Macular degeneration is disease which can cause loss of vision in the centre of the field of vision. In dry macular degeneration, the centre of the retina deteriorates. With wet macular degeneration, leaky blood vessels grow under the retina.
Auckland businessman John Gilbert found out in his early 50s he had early onset macular degeneration.
Under the care of his eye specialist Dianne Sharp, Mr Gilbert started out on Avastin, a bowel cancer drug funded by district health boards and also used off-label for eyes.
When that proved less successful, he moved to Lucentis, which was not funded at the time for eye care, but has been since 2013, as a second-line treatment.
It meant he was having to pay about $1800 a time, Mr Gilbert said.
"I'd usually have an eye injection sort of six weeks apart and at that rate try and make it eight weeks apart, which is not necessarily doing you any good, but you just don't want to keep paying lots of money."
Mr Gilbert was on Lucentis for two or three years before a new drug came along, Eylea. He said he was probably one of the first patients in New Zealand to take it.
The price was about the same per injection but it was "meant to be a more advanced solution".
Now both eyes now needed treatment, meaning Mr Gilbert faced an even bigger bill.
The maker of Eylea, Bayer, agreed to subsidise every second treatment, but it was still a major cost.
"Every six weeks it ended up being $1800 or $3600. It was either one or the other for a period. And that was quite tough because that's a lot of money."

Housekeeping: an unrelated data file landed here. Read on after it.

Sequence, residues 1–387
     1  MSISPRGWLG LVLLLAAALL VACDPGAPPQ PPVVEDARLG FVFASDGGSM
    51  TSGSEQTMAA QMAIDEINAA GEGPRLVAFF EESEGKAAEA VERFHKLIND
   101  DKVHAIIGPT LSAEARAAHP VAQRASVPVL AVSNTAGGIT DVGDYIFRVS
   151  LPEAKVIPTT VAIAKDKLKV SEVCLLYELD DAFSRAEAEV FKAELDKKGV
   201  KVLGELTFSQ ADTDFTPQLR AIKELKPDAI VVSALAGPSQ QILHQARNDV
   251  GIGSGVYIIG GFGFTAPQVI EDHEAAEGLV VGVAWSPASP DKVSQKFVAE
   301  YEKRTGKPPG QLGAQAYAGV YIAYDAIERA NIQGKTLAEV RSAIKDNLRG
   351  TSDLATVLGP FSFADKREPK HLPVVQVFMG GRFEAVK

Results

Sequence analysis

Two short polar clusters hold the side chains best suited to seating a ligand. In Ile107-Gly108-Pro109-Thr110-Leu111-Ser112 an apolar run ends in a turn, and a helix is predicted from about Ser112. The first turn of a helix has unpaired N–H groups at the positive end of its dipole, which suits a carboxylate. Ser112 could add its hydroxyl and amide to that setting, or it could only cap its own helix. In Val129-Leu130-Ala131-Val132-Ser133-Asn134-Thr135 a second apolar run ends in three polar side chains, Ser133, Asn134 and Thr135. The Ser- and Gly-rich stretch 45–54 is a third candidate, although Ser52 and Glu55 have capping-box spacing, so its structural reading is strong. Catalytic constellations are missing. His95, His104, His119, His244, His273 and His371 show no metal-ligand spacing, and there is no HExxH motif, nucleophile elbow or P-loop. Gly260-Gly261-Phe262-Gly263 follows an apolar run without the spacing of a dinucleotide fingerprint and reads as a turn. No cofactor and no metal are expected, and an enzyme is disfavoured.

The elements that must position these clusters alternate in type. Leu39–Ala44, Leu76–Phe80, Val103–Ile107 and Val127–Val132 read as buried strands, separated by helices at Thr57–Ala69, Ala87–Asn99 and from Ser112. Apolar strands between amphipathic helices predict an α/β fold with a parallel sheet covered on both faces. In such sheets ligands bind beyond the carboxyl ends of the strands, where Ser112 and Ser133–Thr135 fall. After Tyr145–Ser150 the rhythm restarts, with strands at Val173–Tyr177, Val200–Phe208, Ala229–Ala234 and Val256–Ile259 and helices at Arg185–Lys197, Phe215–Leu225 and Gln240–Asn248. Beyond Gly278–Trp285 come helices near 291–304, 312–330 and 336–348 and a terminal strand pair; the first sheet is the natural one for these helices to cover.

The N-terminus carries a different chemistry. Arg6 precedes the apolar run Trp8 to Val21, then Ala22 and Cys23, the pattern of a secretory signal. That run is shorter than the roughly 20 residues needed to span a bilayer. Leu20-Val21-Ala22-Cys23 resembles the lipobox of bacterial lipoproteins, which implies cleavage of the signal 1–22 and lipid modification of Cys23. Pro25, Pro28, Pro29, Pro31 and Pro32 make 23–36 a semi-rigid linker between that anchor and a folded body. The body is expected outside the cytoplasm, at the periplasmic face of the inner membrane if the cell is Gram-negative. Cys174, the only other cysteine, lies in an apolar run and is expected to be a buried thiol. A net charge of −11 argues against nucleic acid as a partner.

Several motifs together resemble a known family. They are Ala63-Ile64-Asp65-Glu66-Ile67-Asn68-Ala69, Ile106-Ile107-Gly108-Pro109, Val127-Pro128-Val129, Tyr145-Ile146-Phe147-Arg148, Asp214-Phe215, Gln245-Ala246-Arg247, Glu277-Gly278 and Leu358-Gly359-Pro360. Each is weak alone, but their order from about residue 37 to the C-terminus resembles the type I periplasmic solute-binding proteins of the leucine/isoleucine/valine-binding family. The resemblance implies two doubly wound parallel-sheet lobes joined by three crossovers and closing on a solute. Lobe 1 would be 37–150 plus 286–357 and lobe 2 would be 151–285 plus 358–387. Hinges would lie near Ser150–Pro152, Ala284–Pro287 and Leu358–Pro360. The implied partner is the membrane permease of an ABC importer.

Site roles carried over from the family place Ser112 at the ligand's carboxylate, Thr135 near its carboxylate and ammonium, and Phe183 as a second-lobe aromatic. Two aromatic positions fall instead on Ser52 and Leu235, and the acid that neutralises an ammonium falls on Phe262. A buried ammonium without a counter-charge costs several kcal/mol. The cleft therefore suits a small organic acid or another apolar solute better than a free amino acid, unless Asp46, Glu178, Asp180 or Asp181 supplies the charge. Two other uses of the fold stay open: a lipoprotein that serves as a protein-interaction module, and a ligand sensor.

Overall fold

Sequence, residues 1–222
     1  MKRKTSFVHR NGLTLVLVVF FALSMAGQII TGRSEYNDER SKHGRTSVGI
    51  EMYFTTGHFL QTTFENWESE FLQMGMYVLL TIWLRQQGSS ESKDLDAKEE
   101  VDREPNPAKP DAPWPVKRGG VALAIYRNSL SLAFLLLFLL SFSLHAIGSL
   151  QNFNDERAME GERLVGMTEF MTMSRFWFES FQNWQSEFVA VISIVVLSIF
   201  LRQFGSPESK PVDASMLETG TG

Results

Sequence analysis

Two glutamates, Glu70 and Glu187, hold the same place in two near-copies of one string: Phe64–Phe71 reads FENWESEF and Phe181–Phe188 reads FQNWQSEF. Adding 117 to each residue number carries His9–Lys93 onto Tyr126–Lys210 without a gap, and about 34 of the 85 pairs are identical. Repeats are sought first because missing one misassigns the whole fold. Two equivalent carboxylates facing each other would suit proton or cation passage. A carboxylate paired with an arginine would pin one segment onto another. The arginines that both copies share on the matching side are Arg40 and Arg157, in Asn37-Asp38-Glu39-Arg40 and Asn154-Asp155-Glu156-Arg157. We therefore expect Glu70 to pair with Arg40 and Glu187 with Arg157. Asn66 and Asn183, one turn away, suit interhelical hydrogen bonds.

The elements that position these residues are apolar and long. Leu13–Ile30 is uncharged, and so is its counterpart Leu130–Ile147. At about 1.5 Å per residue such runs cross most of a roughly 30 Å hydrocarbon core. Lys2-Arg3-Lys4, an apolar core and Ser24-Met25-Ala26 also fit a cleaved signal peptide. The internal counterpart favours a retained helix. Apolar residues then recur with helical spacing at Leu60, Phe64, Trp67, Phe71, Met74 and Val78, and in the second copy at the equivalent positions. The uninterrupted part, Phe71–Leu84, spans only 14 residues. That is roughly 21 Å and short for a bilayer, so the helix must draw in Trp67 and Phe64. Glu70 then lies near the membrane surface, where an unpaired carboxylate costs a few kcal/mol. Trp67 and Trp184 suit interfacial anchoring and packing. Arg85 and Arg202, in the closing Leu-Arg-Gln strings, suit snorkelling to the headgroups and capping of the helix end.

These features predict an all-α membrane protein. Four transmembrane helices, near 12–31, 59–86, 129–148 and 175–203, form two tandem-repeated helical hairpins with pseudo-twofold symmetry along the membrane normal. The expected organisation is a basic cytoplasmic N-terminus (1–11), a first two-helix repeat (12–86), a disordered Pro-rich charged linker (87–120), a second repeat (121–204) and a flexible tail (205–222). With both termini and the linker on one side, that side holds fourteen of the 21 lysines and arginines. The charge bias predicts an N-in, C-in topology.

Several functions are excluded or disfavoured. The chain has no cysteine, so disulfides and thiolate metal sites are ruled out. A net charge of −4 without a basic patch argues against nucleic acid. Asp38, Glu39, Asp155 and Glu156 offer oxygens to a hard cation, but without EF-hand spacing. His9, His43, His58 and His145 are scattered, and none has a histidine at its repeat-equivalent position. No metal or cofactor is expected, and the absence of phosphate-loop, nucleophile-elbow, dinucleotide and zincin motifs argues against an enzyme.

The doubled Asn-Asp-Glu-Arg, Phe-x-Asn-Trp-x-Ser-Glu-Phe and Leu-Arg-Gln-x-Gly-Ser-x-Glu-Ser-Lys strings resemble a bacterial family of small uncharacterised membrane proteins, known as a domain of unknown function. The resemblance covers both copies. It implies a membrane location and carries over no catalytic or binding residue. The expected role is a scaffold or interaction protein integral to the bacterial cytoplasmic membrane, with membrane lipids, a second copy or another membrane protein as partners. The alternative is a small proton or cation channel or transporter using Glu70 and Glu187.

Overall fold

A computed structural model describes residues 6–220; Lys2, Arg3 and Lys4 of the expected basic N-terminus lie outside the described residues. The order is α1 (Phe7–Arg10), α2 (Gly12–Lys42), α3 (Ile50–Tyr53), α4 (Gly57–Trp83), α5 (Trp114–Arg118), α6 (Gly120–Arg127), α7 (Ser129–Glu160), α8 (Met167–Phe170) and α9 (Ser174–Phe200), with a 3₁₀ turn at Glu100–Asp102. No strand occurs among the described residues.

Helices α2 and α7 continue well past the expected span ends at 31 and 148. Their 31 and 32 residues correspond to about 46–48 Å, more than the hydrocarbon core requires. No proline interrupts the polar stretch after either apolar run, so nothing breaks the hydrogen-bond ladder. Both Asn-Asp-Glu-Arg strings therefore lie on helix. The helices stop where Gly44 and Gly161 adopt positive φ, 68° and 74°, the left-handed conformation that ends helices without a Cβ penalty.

But Mr Gilbert was never in any doubt about the need, which he said is imperative, to keep his eyesight if at all possible.
"I'd like to be able to drive, I'd like to get out and walk along the beach and play a little bit of sport. So there's a whole lot of reasons why I'd like to keep my eyesight."
In June, drug-buyer Pharmac funded Eylea as a second-line treatment for use after the cancer drug Aventis, which has been used successfully around the world for years.
Dr Sharp said Avastin worked well for the vast majority of people.
"But there are a group of people for whom it doesn't work who have sub-optimal response, or it [the eye] continues to leak and it continues to deteriorate and they may well respond to these newer drugs.
"It's really important to have good management of their disease, stabilise it and then be able to extend the time between their visits, and then we don't need to have so many visits. So for some people switching to Eylea is going to allow us to really do that."
Ministry of Health chief medical officer Andrew Simpson said the number of people nationally waiting had dropped from 10,000 last year to 2200 in most recent figures.
Pharmac chief executive Sarah Fitt would not disclose the cost of the new medicine but said it funded Eylea as part of a bundle with another medicine, a blood-thinner.
Ms Fitt said one of the advantages of the drug was the possibility that it could help with "some of the capacity issues".
This article was originally published by RNZ.